Mexico News-May 24
Posted by the Generals on May 27, 2011, 10:15 am
Subject: Mexico News DAILY May 24, 2011 |
LatinNews Daily - 24 May 2011
Mexican military starts to rumble
Development: The assassination of a key general, Jorge Juárez Loera, on 21 May, coupled with increasing signs of civil unrest in southern Mexico, is forcing the Mexican military further into politics.
Significance: Mexico has never had a military coup d’état and traditionally, governments have scrupulously avoided interfering in military affairs. The 2006 decision by President Felipe Calderón Hinojosa to deploy the army to fight drug trafficking gangs upset this balance, however. So far, the military have been deployed mostly in the north of the country; a strike by militant teachers in Oaxaca and increasing signs of social tension in other parts of southern Mexico suggest that the government may soon need the already heavily-stretched army to maintain order in the south as well as to fight the drug traffickers in the north.
• General Juárez Loera was Mexico’s third highest ranking general until he retired a fortnight ago. He was known to be close to senior figures in the Partido Revolucionario Institucional (PRI), which, according to opinion polls, will recapture the presidency in the 2012 general elections. Juárez Loera was seeking a senate seat in next year’s vote: as he was a specialist in military intelligence and the war against organised crime, he would have had a major role in either congress or a PRI administration.
• Almost certainly, Juárez Loera was assassinated. He was shot twice at close range. Initial reports suggested that he might have been killed after being involved in a car accident since he was shot as he got out of his Mini Cooper to inspect the damage after it had been rammed from behind by another vehicle. He was not wearing military uniform. The two people who shot him escaped in different directions: one had a car waiting to pick him up.
• The military have notoriously difficult relations with Genaro García Luna, the minister of public security, who has been responsible for overhauling Mexico’s police forces. This process has taken far longer than the army and the government had expected. García Luna’s strategy was to withdraw the army as the newly-trained police were deployed. However, even García Luna now believes that the army cannot be withdrawn until 2014 or 2015.
• García Luna, who has been a fixture in the cabinet since President Calderón took office, is under increasing pressure from all sides. First, the radical Left tried to impeach him in congress; now, the nationalist Right is trying to force García Luna out over his decision to accept an honour from the Colombian government. Under the Mexican constitution a Mexican can forfeit his citizenship if he accepts a foreign decoration without having previously obtained approval to accept the accolade from the Mexican senate.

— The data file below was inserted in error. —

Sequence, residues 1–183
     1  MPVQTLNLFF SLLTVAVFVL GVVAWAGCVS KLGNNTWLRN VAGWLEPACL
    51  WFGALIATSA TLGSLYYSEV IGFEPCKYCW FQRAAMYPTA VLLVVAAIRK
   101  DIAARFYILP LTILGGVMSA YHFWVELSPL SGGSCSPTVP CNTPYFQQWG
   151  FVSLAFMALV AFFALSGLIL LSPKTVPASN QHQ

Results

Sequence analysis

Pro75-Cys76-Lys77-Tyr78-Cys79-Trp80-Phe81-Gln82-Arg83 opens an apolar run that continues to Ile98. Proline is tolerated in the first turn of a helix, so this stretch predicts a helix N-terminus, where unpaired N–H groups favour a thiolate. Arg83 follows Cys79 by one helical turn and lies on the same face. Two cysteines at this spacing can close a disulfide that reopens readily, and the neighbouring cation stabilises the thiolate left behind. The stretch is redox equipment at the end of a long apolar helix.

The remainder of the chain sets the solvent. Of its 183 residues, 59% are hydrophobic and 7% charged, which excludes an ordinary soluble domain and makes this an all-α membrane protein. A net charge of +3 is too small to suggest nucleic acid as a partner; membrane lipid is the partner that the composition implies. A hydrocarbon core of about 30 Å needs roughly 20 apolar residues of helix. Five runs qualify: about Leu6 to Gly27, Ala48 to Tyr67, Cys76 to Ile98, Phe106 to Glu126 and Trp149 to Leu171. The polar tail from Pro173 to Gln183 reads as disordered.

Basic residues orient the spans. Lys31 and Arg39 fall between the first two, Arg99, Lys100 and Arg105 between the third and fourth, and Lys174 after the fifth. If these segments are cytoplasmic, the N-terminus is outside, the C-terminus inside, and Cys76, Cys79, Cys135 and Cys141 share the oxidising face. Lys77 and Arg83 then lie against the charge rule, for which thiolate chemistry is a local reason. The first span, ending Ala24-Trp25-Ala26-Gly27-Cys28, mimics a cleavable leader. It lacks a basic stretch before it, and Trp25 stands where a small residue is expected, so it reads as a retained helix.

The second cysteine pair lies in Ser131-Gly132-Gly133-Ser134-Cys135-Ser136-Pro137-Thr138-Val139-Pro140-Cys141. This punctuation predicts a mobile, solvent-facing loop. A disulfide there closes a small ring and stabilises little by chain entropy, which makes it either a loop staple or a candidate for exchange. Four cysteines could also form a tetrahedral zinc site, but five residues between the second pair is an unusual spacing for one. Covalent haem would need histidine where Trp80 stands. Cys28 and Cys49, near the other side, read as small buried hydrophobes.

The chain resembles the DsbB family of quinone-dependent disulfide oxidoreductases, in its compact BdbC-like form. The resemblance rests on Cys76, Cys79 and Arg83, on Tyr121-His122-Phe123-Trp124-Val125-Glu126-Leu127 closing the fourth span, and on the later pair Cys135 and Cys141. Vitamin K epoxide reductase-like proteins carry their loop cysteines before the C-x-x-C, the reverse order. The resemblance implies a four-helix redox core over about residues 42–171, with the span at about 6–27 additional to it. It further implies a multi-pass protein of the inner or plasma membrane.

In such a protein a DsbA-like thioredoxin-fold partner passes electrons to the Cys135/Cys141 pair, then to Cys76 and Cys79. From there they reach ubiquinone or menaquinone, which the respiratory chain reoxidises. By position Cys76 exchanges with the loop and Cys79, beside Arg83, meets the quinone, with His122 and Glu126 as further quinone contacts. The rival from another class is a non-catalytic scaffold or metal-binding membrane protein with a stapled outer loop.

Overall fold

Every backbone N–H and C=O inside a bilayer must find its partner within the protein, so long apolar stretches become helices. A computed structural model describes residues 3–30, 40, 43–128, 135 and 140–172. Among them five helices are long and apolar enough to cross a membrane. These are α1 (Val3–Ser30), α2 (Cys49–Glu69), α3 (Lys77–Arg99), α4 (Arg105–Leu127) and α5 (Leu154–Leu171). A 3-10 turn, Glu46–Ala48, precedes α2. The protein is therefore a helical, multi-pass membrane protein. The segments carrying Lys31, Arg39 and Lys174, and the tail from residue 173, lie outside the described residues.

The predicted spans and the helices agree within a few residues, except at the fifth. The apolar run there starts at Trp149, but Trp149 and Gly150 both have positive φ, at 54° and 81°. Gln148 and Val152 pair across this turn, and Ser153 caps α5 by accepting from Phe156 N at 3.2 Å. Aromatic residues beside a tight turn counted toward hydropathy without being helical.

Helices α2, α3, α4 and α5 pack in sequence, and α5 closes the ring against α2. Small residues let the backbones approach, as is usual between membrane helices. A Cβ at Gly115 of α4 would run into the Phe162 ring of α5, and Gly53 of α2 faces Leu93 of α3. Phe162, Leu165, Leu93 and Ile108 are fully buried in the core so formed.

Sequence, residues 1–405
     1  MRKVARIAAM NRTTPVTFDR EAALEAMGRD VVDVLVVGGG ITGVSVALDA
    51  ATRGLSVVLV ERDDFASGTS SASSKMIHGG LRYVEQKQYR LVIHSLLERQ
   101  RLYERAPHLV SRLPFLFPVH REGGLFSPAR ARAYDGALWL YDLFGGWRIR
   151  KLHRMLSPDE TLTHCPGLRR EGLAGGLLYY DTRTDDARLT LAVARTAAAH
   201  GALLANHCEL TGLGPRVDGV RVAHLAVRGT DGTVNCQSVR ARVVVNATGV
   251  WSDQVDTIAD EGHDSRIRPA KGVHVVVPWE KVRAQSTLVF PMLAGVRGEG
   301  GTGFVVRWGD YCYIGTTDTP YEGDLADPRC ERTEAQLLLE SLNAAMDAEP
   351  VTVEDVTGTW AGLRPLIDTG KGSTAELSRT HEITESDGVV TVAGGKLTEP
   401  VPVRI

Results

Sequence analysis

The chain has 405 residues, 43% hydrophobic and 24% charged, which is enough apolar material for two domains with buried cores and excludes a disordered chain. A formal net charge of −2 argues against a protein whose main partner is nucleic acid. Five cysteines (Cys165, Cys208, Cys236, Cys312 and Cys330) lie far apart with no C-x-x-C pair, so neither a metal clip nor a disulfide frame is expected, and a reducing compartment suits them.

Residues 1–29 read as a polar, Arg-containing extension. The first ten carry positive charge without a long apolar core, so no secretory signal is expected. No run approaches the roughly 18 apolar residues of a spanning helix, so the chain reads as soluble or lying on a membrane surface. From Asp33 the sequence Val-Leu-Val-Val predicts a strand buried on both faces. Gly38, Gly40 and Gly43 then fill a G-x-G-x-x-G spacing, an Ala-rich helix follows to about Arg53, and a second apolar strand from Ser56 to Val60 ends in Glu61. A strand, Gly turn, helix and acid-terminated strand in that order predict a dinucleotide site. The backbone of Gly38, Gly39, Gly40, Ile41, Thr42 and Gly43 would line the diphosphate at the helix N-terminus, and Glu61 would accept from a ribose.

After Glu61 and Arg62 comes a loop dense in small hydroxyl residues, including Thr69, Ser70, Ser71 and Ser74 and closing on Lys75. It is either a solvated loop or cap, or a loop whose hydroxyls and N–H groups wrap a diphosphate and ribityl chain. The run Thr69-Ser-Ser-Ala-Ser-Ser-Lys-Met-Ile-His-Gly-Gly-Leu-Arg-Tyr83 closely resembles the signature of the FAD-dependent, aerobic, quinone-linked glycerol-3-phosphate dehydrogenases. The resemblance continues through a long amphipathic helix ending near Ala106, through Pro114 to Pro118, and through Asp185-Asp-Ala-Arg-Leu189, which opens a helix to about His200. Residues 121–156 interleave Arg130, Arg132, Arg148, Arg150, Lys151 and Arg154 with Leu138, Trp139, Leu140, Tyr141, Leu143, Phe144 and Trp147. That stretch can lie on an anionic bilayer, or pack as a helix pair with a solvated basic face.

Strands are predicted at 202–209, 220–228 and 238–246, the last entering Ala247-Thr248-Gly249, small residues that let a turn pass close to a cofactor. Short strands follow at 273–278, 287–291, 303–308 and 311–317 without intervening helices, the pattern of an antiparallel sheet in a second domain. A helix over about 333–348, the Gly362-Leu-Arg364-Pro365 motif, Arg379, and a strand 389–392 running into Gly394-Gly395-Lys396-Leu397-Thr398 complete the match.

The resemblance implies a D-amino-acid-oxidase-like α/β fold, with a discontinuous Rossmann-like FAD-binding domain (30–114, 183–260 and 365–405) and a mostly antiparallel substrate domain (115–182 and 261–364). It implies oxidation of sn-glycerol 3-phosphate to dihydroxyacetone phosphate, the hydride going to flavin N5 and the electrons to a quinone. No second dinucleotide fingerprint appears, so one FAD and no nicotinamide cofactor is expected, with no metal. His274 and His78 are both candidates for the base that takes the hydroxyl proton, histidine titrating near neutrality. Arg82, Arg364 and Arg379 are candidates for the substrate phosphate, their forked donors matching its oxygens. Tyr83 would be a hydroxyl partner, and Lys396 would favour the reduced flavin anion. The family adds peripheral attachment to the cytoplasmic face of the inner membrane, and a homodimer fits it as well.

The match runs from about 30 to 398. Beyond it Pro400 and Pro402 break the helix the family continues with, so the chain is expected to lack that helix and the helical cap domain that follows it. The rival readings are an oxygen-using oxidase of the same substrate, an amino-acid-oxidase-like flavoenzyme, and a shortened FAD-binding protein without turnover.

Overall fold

• The removal of García Luna would strengthen the influence of the military in the cabinet and, perhaps, force a change in the government’s strategy. The army is under pressure on three fronts: first, the deployment has increased the number of the people killed in the war against gangs. This demonstrates, the critics of the strategy claim, that the military deployment has been unsuccessful; the second criticism is that gangsters have corrupted the army as they have the Mexican police; and thirdly, a lot of those killed by the army and the police have had nothing to do with the gangs. This growing perception is opening up the army, especially, to criticism from human rights activists.
• What is going on in the south, traditionally an area of simmering social discontent, could lead to major problems for the federal government. The biggest problem here is a strike by 70,000 teachers, led by radicals, in Oaxaca. This is the same group that forced the previous federal government of Vicente Fox (2000-2006) to send in 6,000 Policía Federal Preventiva (preventative federal police) to regain control of the centre of Oaxaca City in November 2006.
• Furthermore, there are regular murders of prominent figures and political activists in the south. On 23 May Pedro Fons Ramos, the leader of the ranchers’ association in northern Chiapas, was murdered. He had just lodged a formal complaint about a robbery from his veterinary surgery.
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